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Guoliang ‘Greg’ Liu, an assistant professor of chemistry in the College of Science at Virginia Tech and a member of the Macromolecules Innovation Institute, has been working on developing carbon fibers with uniform porous structures. In a recent , Liu detailed how his lab used block copolymers to create carbon fibers with mesopores uniformly scattered throughout, similar to a sponge.
Now, Liu reports how these porous carbon fibers can achieve high energy density and high electron/ion charging rates, which are typically mutually exclusive in electrochemical energy storage devices.
"This is the next step that will be relevant to industry," Liu said. "We want to make an industrial-friendly process. Now industry should seriously look at carbon fiber not only as a structural material but also an energy storage platform for cars, aircraft and others."
Carbon fibers are already widely used in the aerospace and automotive industries because of their high performance in a variety of areas, including mechanical strength and weight. Liu's long-term vision is to build exterior car shells out of porous carbon fibers that could store energy within the pores.
But carbon by itself isn't sufficient. Although a structurally prime material, carbon doesn't possess a high enough energy density to create supercapacitors for highly demanding applications. Because of this, carbon is often coupled with what are known as pseudocapacitive materials, which unlock the ability to store a large amount of energy but suffer from slow charge-discharge rates.
A commonly used pseudocapacitive material is manganese oxide (MnO2), due to its low cost and reasonable performance. To load MnO2 onto carbon fibers or another material, Liu soaks the fibers in a solution of a potassium permanganate (KMnO4) precursor. This precursor reacts with the carbon, etching away a thin layer, and then anchors onto the rest of the carbon, creating a thin coat of MnO2 about 2nm in thickness.
But industry faces a challenge with MnO2. Too little MnO2 means the storage capacity is too low, but too much creates a thick coat that is electrically insulating and slows down the transport of ions. Both contribute to slow charge-discharge rates.
"We want to couple carbon with pseudocapacitive materials because they together have a much higher energy density than pure carbon. Now the question is how to solve the problem of electron and ion conductivity," Liu said.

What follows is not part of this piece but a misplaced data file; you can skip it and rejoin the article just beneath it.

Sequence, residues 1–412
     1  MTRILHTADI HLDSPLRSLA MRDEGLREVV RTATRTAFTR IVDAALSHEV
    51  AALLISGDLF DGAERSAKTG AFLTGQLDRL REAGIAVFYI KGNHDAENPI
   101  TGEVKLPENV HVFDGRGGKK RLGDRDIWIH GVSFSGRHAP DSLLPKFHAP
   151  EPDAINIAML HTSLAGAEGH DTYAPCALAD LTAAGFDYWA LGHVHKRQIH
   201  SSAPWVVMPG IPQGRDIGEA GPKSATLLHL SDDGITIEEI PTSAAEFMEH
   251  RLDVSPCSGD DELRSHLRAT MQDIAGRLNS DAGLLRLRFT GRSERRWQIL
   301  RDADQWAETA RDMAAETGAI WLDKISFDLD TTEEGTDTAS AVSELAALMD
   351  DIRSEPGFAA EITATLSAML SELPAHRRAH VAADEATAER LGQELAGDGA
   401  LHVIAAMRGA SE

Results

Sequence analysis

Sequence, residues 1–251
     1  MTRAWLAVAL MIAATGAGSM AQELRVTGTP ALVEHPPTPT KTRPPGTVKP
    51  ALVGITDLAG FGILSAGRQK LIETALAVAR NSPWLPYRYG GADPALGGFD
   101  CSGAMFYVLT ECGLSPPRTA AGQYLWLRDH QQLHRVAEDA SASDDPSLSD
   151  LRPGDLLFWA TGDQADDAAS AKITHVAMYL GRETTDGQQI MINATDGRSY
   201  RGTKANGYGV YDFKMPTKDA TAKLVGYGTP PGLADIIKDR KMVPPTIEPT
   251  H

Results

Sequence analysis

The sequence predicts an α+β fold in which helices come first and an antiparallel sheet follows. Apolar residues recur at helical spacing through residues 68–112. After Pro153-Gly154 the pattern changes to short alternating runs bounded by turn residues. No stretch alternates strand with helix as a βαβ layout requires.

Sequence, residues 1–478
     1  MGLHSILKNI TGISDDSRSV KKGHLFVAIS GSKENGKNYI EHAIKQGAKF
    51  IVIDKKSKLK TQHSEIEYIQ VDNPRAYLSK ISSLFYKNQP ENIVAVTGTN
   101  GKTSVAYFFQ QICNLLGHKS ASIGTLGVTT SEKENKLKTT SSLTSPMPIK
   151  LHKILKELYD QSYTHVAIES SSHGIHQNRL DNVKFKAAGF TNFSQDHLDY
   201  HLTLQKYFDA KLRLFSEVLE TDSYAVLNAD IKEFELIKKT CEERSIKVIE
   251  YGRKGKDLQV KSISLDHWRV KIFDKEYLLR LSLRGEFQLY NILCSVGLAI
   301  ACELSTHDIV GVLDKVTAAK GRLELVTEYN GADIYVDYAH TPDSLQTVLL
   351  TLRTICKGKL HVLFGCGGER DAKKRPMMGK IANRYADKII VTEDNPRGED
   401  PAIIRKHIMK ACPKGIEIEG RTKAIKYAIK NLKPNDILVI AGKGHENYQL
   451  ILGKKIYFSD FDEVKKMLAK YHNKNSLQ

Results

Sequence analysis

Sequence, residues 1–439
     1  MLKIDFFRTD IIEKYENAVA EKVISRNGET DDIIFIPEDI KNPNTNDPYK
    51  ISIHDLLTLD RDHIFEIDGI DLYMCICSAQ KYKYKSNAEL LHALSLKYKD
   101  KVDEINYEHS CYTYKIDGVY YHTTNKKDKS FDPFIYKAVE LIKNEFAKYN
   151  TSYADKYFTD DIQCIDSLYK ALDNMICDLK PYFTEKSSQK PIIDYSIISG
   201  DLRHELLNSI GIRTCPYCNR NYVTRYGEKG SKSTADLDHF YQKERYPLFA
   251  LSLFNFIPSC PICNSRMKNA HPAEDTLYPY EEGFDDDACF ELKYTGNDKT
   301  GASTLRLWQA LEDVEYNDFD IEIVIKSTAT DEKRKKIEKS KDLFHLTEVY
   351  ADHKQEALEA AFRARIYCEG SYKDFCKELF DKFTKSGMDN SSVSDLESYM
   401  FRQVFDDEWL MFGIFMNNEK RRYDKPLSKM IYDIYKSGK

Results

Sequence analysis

Liu has discovered that his porous carbon fibers can overcome this impasse. Tests in his lab showed the best of both worlds: high loading of MnO2 and sustained high charging and discharging rates. Liu's lab proved they could load up to 7mg/cm2 of MnO2 onto the porous carbon fibers before their performance dropped; that's double or nearly triple the amount of MnO2 that industry can currently utilize.
"We have achieved 84% of the theoretical limit of this material at a mass loading of 7mg/cm2," Liu said. "If you load 7 mg/cm2 of other materials, you will not reach this.
"In a long-term vision, we could replace gasoline with just electric supercapacitor cars. At this moment, the minimum of what we could do is to utilize this as an energy storage part in cars."
Liu said that a short-term application could be utilizing the carbon fiber parts to deliver lots of energy in a short period to accelerate cars faster. But Liu is also looking beyond the automotive industry into other transportation applications.
"If you want a drone to deliver products for Amazon, you want the drone to carry as much weight as possible, and you want the drone to be as lightweight as possible," Liu said. "Carbon fiber-based drones can do both jobs. The carbon fibers are strong structural materials for carrying the goods, and they are energy storage materials to provide power for transportation."
The research on this material is accelerating in Liu's lab, and he said he still has many more ideas to test. "What I believe is that porous carbon fibers are a platform material. The first two papers, we focused on energy storage for vehicles. But we believe that this material can do more than that. Hopefully we'll be able to tell more stories soon."